This type of detection is difficult; turbine components heat up and cool down in different ways. Inconsistent measurement instruments between components and temperature are often driven by the conditions leading to a moment in time rather than specific live conditions. Clir AI puts the data in context and takes into account a variety of factors including, but not limited to, service information, . Based on all of this information, Clir AI learns for the turbine. If the temperature varies outside the probabilistic range, the system creates events and actions on the system. It reports multiple grades of severity, based on how much the trend deviates from the expected behaviour and learned failure models in the turbine.
As an independent system, Clir seamlessly integrates this detector with its other features, providing a multitude of information and actionable insights in one place.
“We really wanted to focus on building detection that has limited false positives, so the tool isn’t wasting peoples’ time while maximizing the benefit of early fault detection,” says Clir CEO Gareth Brown. “The approach maximizes the use of the data to drive improved performance, and crucially it can be scaled across all turbine technologies and as components are upgraded or replaced. It’s exciting to see when we take deep domain expertise and apply the latest and greatest AI techniques what we achieve”.
Image: Clir Renewables
Industry veteran, Ian Irvine, has joined the board of renewables software startup, Clir Renewables.
Clir Renewables is delighted to announce the appointment of Ian Irvine to its Board of Directors. Ian has over three decades of experience in the renewable energy industry, beginning his career with a wind turbine design company in the mid-80s before moving to ScottishPower Technology in 1990 and most recently founding award-winning renewable energy consultancy SgurrEnergy. His experience will be invaluable in ensuring the continued growth of the business.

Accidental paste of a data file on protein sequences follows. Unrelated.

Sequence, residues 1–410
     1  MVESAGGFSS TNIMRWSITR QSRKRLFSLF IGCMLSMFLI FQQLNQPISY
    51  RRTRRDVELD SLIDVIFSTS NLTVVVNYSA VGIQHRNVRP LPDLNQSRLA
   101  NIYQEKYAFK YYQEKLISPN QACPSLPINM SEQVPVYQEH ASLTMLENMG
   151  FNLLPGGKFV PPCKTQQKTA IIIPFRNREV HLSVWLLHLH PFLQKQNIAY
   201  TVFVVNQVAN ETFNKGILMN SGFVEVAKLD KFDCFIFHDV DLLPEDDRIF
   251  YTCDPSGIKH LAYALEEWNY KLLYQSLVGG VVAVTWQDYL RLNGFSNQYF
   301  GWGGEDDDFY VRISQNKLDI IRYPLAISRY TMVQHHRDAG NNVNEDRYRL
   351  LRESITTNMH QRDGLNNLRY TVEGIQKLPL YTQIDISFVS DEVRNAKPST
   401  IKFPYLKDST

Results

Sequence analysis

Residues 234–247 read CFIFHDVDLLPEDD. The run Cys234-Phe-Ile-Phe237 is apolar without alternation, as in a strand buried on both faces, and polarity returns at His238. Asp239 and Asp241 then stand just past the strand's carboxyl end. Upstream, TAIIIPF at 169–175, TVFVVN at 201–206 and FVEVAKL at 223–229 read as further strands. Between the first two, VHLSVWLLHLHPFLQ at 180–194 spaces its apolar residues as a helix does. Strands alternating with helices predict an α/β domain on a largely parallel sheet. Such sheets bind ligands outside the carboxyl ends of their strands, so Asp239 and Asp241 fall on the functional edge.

“I am delighted to be joining the board of Clir Renewables. I have always had an affinity with innovative and ambitious renewable energy enterprises and look forward to working with the global team to help customers take advantage of Clir Renewables software offering,” said Ian Irvine.
Throughout his career, Ian has shown his desire to push the industry forward. With ScottishPower Technology Ian developed a team focused on producing accurate, long-term annual energy production (AEP) predictions, selecting wind turbine technology suitable for its deployment location and holding turbine suppliers to account on contractual agreements which were not conventional approaches at the time. Following ScottishPower’s divestment of its business, Ian and one of his engineering colleagues decided to start a renewable energy engineering consultancy focusing on accurate analysis, reporting and effective project delivery.
Converting his apartment’s attic into an office, Ian and his business partner founded SgurrEnergy in 2002. The business grew quickly, and by 2008 the head office in Glasgow had 80 staff with international offices in China, India, Ireland, and Canada and by 2017, when Ian exited SugrrEnergy, the global staff complement exceeded 300. Ian was involved in many industry firsts, the first internationally funded Chinese wind farm and the first project financed offshore wind farm. He also worked on some of the world’s largest projects, such as Europe’s largest wind farm in the 1990s, the 322 MW Whitelee Wind Farm (now 539 MW), attributes of vision, ambition and scale that will be invaluable to Clir Renewables going forward.